Provisioning a Cluster Using Vagrant and OpenStack

Vagrant has become very popular for provisioning virtual machines for development. Usually it’s used in combination with VirtualBox on a local machine. But Vagrant supports multiple other visualization providers, in fact one can build a custom provider as needed. If the local machine is not sufficient for the needs of development moving to the cloud seems like a reasonable thing to do using AWS, Rackspace, or OpenStack.

Getting Started

To get started with Vagrant OpenStack you need to install the plugin first.

Vagrant expects a box to be provisioned which is in case of a cloud not really present. Therefor a dummy box is installed an later referenced in the Vagrantfile.

You can now configure OpenStack in you Vagrantfile accordingly. There are a few basic and needed settings like the API, user, and password. Some optional parameters help in fine tuning the setup.

Optional parameters:

List of settings:

  • api_key – The API key for accessing OpenStack.
  • flavor – The server flavor to boot. This can be a string matching the exact ID or name of the server, or this can be a regular expression to partially match some server flavor.
  • image – The server image to boot. This can be a string matching the exact ID or name of the image, or this can be a regular expression to partially match some image.
  • endpoint – The keystone authentication URL of your OpenStack installation.
  • server_name – The name of the server within the OpenStack Cloud. This defaults to the name of the Vagrant machine (via config.vm.define), but can be overridden with this.
  • username – The username with which to access OpenStack.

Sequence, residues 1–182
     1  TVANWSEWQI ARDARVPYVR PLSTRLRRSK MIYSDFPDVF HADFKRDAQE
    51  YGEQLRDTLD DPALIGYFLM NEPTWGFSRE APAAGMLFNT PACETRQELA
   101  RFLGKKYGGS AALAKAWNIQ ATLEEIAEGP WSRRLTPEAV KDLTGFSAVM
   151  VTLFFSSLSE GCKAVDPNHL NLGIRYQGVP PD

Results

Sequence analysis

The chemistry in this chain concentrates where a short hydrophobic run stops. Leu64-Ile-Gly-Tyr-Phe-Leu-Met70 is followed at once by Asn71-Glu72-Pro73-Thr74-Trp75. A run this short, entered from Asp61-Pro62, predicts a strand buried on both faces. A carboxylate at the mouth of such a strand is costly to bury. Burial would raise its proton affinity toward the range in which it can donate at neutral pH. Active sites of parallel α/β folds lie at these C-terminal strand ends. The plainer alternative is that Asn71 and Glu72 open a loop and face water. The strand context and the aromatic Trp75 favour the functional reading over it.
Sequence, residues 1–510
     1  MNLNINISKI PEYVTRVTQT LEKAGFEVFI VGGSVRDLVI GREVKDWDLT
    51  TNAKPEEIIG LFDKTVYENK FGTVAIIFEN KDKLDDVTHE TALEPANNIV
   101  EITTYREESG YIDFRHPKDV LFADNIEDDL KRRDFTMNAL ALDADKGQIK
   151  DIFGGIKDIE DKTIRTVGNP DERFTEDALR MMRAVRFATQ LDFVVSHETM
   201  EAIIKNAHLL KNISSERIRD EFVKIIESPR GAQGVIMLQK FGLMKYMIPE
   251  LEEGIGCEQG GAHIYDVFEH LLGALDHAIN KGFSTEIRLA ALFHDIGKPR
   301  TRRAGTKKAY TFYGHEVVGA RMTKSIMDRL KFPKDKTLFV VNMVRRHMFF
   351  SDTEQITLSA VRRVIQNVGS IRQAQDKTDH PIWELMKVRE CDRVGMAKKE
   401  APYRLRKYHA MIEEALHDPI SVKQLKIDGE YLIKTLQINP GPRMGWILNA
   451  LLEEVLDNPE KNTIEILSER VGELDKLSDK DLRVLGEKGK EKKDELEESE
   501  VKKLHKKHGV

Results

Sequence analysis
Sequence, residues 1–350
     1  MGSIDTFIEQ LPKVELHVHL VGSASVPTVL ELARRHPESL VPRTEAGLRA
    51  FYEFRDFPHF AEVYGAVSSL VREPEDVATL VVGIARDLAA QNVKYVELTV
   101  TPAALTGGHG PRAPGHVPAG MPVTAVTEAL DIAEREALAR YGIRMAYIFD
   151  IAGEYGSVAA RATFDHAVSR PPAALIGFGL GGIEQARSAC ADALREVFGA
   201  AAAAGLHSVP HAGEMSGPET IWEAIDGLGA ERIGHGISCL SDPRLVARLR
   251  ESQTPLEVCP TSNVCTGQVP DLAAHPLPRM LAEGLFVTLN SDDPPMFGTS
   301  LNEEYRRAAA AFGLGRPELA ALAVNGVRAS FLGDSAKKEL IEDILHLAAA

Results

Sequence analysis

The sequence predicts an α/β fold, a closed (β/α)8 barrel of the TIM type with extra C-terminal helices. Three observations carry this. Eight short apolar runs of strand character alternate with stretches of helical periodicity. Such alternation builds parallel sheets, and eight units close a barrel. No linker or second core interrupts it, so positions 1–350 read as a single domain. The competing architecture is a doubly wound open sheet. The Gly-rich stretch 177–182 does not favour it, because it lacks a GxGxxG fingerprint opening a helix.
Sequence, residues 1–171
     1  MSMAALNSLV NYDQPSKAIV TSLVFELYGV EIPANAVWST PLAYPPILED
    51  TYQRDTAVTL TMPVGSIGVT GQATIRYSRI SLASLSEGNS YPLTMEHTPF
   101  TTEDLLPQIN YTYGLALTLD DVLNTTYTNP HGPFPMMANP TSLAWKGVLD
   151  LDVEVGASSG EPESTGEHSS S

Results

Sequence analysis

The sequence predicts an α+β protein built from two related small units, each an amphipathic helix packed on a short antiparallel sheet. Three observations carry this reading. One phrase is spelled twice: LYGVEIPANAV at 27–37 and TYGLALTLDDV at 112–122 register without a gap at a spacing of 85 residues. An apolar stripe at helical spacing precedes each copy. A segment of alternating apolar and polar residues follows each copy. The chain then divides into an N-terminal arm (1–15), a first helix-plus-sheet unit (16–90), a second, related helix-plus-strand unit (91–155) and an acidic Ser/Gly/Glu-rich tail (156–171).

• keypair_name – The name of the keypair to access the machine.
  • ssh_username – The username to access the machine. This can also be configured using the standard config.ssh.username configuration value.
  • metadata – A set of key pair values that will be passed to the instance for configuration.
  • network – A name or id that will be used to fetch network configuration data when configuring the instance. NOTE: This is not compliant with the vagrant network configurations.
  • networks – An array of names or ids to create a server with multiple network interfaces. This overrides the network setting.
  • address_id – A specific address identifier to use when connecting to the instance. network has higher precedence. If set to :floating_ip, then the floating IP address will be used.
  • scheduler_hints – Pass hints to the open stack scheduler, see --hint flag in OpenStack filters doc
  • availability_zone – Specify the availability zone in which the instance must be created.
  • security_groups – List of security groups to be applied to the machine.
  • tenant – Tenant name. You only need to specify this if your OpenStack user has access to multiple tenants.
  • region – Region Name. Specify the region you want the instance to be launched in for multi-region environments.
  • proxy – HTTP proxy. When behind a firewall override this value for API access.
  • ssl_verify_peer – sets the ssl_verify_peer on the underlying excon connection – useful for self signed certs etc.
  • floating_ip – Floating ip. The floating IP to assign for this instance. If set to :auto, then this assigns any available floating IP to the instance.
  • orchestration_stack_name – Name for orchestration stack. Mandatory parameter when creating new stack. One of parameters for template should be set with this parameter.
  • orchestration_stack_destroy – If stack created by vagrant should be deleted when destroy action is invoked. Default value is false.
  • orchestration_cfn_template – AWS CloudFormation Template specified as a string.
  • orchestration_cfn_template_file – AWS CloudFormation Template file path accessible for vagrant.
  • orchestration_cfn_template_url – AWS CloudFormation Template URL.
  • orchestration_cfn_template_parameters – AWS CloudFormation Template parameters specified in ruby hash (take a look at example Vagrantfile). This parameter is optional.

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